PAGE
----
The fraudsters approached victims via email, text message or mobile messaging apps and sent them phishing links leading to a fake banking website, where users were tricked into providing their banking credentials to the scammers.

The police apprehended 9 alleged members of the gang and conducted 24 house searches in the Netherlands. During the raids the police officers also seized firearms, ammunition, jewellery, electronic devices, cash and cryptocurrency.

Two new malicious campaigns target Ukraine

Ukrainian cybersecurity authorities warned of two malicious campaigns targeting government bodies and organizations in the country’s critical infrastructure sector that exploit the recently patched Follina (CVE-2022-30190) vulnerability to deliver Cobalt Strike Beacon and CredoMap malware.

Both hacking campaigns involve phishing emails distributing malicious Microsoft Word documents. In the first case the malicious document was ostensibly sent by the State Tax Service of Ukraine, while in the second campaign (which was attributed to the Russia-linked APT28 hacker group) attackers distributed a malicious Word document purported to contain information about nuclear terrorism.

Germany indicts Russia-linked APT28 hacker who targeted NATO think tank

German authorities issued an arrest warrant for the Russian hacker Nikolaj Kozachek (aka “blabla1234565” and “kazak”) accused of carrying out cyber-espionage operations against a NATO think tank in Germany on behalf of the Russian military intelligence service.

According to German officials, Kozachek compromised the IT systems of the Joint Air Power Competence Center, a think tank in North Rhine-Westphalia in April 2017, and planted the X-Agent spyware on the organization’s computers. The hacker is said to have compromised at least two systems and gained access to internal information from NATO, however, at this time the extent of the attack is not clear.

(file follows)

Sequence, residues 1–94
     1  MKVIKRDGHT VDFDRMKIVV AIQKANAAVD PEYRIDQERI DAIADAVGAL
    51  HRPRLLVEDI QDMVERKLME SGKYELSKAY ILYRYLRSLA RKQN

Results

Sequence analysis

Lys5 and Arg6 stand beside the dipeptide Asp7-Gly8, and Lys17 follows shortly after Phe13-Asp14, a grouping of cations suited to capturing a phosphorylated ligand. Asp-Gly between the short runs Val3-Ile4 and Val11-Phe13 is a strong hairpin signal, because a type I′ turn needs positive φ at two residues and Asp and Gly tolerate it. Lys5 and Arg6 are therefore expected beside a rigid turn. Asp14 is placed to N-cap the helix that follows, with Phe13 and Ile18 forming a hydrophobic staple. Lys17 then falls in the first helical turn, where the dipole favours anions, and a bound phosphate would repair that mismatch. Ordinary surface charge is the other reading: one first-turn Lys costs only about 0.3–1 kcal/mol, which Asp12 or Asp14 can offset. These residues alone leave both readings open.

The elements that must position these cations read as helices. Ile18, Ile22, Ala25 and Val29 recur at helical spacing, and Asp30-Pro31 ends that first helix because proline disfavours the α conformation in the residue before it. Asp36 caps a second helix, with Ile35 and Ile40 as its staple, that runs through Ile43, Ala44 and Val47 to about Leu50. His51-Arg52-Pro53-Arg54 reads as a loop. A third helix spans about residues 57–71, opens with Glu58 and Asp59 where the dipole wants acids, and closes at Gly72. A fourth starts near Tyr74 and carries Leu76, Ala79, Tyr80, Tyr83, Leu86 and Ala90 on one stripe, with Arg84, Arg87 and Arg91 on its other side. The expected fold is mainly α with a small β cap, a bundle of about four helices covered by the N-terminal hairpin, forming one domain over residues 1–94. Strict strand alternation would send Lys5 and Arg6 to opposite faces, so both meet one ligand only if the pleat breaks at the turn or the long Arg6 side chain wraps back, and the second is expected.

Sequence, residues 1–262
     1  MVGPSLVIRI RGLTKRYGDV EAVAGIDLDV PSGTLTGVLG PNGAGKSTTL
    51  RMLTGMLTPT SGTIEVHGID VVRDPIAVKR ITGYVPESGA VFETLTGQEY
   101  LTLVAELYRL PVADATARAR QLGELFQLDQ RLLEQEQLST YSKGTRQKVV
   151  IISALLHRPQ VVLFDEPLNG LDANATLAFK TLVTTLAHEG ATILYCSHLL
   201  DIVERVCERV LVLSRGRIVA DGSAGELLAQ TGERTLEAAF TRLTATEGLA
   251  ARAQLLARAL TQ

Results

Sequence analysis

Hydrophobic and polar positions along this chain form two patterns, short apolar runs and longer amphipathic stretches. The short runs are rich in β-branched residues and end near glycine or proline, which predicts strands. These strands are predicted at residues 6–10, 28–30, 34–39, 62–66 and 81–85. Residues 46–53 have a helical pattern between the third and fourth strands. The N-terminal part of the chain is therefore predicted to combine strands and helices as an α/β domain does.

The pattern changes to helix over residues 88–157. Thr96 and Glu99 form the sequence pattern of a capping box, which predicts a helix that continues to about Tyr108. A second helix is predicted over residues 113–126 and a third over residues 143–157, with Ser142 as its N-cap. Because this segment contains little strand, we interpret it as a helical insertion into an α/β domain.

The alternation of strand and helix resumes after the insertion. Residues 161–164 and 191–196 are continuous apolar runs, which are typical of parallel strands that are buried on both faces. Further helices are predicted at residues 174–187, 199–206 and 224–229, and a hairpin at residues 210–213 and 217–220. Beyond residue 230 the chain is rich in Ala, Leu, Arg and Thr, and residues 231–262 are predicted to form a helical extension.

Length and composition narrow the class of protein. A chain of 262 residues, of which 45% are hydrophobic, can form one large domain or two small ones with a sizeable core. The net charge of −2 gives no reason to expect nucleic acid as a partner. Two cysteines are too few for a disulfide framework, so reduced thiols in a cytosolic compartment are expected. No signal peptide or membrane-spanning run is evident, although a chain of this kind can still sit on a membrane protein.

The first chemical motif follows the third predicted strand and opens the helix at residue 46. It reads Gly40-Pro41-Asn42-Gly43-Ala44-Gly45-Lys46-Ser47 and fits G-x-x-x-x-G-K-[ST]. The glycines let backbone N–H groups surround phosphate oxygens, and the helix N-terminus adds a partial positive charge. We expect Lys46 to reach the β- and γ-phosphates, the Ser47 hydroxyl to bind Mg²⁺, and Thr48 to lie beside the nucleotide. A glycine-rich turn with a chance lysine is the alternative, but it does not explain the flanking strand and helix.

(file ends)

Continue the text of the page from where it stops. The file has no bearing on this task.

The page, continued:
OT:Icefall vulnerabilities put industrial devices at risk of cyberattacks

Cybersecurity researchers at Forescout's Vedere Labs published a report detailing a set of 56 vulnerabilities impacting industrial equipment used in critical infrastructure environments.

Dubbed “OT:Icefall,” vulnerabilities, said to be caused by insecure-by-design practices in OT, affect products from Honeywell, Motorola, Omron, Siemens, Emerson, JTEKT, Bently Nevada, Phoenix Contract, ProConOS, and Yokogawa.

The discovered issues fall into four main categories: insecure engineering protocols, weak cryptography or broken authentication schemes, insecure firmware updates, and remote code execution via native functionality.

Of the flaws, 38% allow for compromise of credentials, 21% allow firmware manipulation, and 14% are remote code execution vulnerabilities.

Hackers exploit Log4Shell vulnerability in attacks on VMware Horizon servers

Although the infamous Log4Shell vulnerability (CVE-2021-44228) was patched six months ago, hackers are still exploiting the flaw to attack VMware Horizon and Unified Access Gateway servers and gain initial access to a victims’ networks.

According to a recent joint advisory published by the U.S. Cybersecurity and Infrastructure Security Agency (CISA) and the Coast Guard Cyber Command (CGCYBER), since December 2021, multiple threat actor groups, including the state-sponsored ones, have been exploiting Log4Shell on unpatched, public-facing VMware Horizon and Unified Access Gateway servers. In these attacks threat actors were observed planting malware on compromised systems with embedded executables enabling remote command-and-control.

Cybersecurity authorities share advice on securing Windows systems with PowerShell

Although PowerShell is often abused by malicious actors, system administrators should not switch off the Windows command-line tool, the US National Security Agency and partners advised in a Cybersecurity Information Sheet released this week.

The NSA and cyber security centers in the US (CISA), New Zealand (NZ NCSC), and the UK (NCSC-UK) have provided a set of recommendations for using PowerShell to mitigate cyber threats instead of removing or disabling it, which would lower defensive capabilities. The security advisory outlines features in PowerShell that help with protecting credentials, remote management configurations, anti-virus scanning and logging.